Private loans to public galleries and museums were the subject of a conference (26-28 October, 1992) organised by the Goethe Institute, the German government agency charged with promoting cultural links between Germany and other countries. “Galleries and Private Collectors” brought together Czech, German and American gallery directors and art experts for three days of frank, and at times heated, debate.
The German airline Lufthansa, as a long-standing sponsor of joint-projects with the Goethe Insitute, was brought in to talk about sponsorship. Lufthansa is additionally involved in the museum world in former East-block Europe through the new U.S. fund for Arts and Culture in Central and Eastern Europe, for which the airline is providing free trans-Atlantic flights. They are also sponsors of “The Great Utopia—the Russian and Soviet Avant-Garde 1915-1932, at the Guggenheim Museum, New York until 15 December. Thomas Messer, emeritus director of the Solomon R. Guggenheim Foundation, expatiated at the conference on the “acrobatics” required to finance and negotiate major international shows successfully.
Although the Czech delegation, consisting of the directors and head curators from virtually every major gallery in Bohemia and Moravia, expressed a real desire for a quicker and fuller integration with the wider art world, it soon became apparent that the Czechs are not yet ready to engage fully with their Western counterparts. “It will take a very long time before we can fully cooperate”, said Czech-born Thomas Messer. “I wouldn’t like to put a time on it, but we could be talking years. They are so far away from the market, even though Prague is geographically further west than Vienna”.
These are tough times for the Czech art world. In line with the government’s strict policy of reducing public expenditure, the Czech ministry of culture has had its budget cut every year since the 1989 collapse of communism, so, therefore, have public galleries and museums.
Lubomír Slavícek, director of the National Gallery in Prague, said, “Our funding was cut by 10% in our April budget. It will be cut by another 10% every quarter over the coming year”. With a budget of 70 million Crowns, including a tiny 3 million Crowns (£71,000, $106,500) for acquisitions, Mr Slavícek has had to sack one hundred people from a staff of 550 to reduce overheads.
In order to turn the National Gallery into a viable concern, he will need to find private sponsorship and patronage, but although a Friends society has been launched, attracting sponsorship will prove extremely difficult until a new tax law designed to encourage personal and corporate donations to culture and sport is introduced. Owing to national budgetry complications arising from Czechoslovakia’s split into two nations on 1 January, 1993, this long awaited tax law could be delayed by up to six months. The urgency of the Czech art establishment’s task is not helped by cloying, centralising bureaucracy: when an English-language Prague newspaper requested a photograph of a Schiele drawing from the National Gallery’s collection, it was told to send a formal request to the director, Mr Slavicek. Mr Slavicek was out of Prague that week, and there was no one out of the remaining 449 employees who had the authority to give one black-and-white photograph to a local newspaper. The recent announcement that the National Gallery intend to establish a public relations department may improve the situation.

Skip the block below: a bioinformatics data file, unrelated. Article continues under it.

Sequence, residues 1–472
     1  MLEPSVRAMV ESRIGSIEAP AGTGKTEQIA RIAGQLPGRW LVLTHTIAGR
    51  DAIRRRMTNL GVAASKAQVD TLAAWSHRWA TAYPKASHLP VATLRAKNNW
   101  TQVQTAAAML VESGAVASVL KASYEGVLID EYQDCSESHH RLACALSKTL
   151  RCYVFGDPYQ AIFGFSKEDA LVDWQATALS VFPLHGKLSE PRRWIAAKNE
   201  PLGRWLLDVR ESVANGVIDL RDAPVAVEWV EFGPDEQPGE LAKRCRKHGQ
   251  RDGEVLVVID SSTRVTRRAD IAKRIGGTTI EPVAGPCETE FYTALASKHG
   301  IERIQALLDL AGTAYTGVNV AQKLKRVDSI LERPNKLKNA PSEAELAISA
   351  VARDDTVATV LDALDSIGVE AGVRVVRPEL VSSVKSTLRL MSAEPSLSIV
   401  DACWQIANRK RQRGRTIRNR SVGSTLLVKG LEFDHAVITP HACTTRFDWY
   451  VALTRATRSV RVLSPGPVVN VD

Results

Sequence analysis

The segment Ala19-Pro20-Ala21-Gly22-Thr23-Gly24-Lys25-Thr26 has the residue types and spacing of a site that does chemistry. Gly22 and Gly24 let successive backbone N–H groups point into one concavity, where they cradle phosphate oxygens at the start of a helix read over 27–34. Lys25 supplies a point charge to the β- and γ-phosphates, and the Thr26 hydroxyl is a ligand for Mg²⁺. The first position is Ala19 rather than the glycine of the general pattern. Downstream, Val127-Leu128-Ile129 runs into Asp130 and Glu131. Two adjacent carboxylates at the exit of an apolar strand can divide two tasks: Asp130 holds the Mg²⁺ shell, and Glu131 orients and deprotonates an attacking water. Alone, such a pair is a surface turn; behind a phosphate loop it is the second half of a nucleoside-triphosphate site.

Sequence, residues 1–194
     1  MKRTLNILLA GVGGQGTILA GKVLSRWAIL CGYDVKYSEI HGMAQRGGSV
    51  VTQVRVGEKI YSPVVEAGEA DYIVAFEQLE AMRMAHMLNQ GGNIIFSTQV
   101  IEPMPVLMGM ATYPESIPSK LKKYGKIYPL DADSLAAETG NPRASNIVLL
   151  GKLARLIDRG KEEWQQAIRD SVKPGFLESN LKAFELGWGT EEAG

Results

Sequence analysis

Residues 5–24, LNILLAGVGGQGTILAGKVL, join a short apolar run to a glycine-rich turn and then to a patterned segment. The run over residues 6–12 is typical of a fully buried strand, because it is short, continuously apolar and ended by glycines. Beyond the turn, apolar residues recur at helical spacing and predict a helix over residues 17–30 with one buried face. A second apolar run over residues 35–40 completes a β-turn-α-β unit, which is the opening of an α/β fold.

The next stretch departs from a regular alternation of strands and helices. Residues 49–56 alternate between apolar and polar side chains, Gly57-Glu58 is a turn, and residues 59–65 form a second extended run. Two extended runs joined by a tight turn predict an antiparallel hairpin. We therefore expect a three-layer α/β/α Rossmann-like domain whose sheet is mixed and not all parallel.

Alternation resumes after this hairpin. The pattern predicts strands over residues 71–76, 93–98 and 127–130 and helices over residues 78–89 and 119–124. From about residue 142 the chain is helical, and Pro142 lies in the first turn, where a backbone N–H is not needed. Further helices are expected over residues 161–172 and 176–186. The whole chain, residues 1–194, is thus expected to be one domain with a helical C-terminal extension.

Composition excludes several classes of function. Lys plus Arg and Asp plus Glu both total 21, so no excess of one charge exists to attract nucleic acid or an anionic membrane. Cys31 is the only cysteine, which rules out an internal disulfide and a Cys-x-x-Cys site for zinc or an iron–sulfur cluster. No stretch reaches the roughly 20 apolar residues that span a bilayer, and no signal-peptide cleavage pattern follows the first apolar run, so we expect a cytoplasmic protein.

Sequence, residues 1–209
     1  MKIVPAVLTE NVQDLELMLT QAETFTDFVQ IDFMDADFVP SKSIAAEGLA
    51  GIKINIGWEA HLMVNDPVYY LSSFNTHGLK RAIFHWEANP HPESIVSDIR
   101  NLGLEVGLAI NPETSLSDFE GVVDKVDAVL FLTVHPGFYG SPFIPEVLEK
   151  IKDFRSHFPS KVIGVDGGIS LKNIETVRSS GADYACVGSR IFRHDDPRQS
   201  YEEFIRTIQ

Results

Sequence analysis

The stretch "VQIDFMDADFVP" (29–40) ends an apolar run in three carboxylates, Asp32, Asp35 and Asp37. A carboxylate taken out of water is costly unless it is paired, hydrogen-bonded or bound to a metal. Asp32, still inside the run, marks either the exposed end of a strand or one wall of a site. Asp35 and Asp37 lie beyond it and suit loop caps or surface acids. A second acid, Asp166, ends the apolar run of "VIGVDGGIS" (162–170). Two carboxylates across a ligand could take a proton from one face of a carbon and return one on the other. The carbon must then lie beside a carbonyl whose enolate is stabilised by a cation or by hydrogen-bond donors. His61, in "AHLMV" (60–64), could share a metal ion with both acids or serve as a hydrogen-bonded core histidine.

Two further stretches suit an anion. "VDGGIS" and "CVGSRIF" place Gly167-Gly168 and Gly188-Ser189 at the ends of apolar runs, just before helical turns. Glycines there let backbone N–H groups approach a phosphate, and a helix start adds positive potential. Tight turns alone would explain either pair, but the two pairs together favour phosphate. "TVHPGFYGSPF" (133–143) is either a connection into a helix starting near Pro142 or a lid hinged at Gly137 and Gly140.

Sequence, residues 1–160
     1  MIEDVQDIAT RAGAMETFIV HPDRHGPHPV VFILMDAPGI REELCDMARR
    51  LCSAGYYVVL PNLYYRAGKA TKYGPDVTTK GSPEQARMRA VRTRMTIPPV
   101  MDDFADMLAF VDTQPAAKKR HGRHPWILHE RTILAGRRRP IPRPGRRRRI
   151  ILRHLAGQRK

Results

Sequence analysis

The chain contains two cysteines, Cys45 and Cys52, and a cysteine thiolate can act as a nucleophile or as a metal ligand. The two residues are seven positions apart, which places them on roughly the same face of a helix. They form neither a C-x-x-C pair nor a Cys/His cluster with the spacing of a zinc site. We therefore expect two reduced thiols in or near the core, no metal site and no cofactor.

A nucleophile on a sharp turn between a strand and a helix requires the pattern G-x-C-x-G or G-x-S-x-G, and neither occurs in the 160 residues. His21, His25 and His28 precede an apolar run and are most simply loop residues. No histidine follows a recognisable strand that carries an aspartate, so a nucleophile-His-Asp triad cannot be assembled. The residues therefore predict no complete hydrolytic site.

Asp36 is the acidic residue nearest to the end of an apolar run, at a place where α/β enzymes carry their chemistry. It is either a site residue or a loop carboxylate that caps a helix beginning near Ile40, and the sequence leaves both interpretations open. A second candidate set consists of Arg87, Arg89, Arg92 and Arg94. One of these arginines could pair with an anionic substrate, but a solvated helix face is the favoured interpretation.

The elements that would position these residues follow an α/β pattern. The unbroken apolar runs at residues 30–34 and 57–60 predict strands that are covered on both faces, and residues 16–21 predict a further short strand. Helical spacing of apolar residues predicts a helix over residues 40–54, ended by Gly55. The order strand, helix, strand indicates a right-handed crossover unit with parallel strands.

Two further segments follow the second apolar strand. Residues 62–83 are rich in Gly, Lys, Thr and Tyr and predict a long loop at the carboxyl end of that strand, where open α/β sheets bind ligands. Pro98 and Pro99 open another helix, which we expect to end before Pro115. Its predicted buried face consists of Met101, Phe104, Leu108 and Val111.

Art thefts are soaring. Between 1985 and 1988 some seventy works were reported as stolen; in 1991, 695 went missing. When four Picassos stolen last year from the National Gallery were recovered (see The Art Newspaper No. 9, June 1991, p. 2; No. 11, October 1991, p. 2), one had already crossed the German border to Bayreuth. Restitution questions over property nationalised by the State following the communist putsch of 1948 are also damaging relations between galleries and the public. “Our biggest problem is a question of trust between the State institutions and the public”, said Mr Slavicek. The Museum of Decorative Arts in Prague has returned about 700 works over the past six months. The National Gallery has received 150 restitution claims to date, half of which have been satisfied, the rest deferred following negotiations, by keeping the item on long-term loan.
Earlier this year the National Gallery received a restitution claim from the children and grand-children of Vincenc Kramár, a Czech art collector and historian who, according to the National Gallery, as a committed Communist donated a thirty-piece collection to the State shortly before his death in 1960. Kramár’s descendants argue that he was pressurised by the government to hand his collection over, and therefore that the State acquired the work illegally and the paintings should be given back. The collection contains sixteen Picassos, two Braques, two Derains, and ten works by various Czech artists including Emil Filla. Mr Slavícek suggests a conservative value of $10 million per Picasso. The case went to court in September and resumes on 2 December. The outcome will set a precedent with far-reaching implications for the whole restitution process. If judgment goes in favour of the National Gallery, the entire network of Czech and Slovak galleries and museums will breath a massive sigh of relief and receive a much needed morale-booster. If Kramàr’s family win the day, it will shatter the confidence of an already beleagured art world and herald a fresh wave of restitution claims. The chances are that the paintings will go straight onto the market.
All things considered, it’s hardly surprising that the Czech delegation to “Galleries and Private Collectors”, expressed fears about an impending mass sell-off and export of art, and made calls for legislation regarding art and commerce.
Originally appeared in The Art Newspaper as 'East meets West—but the gulf on restitution issues is telling'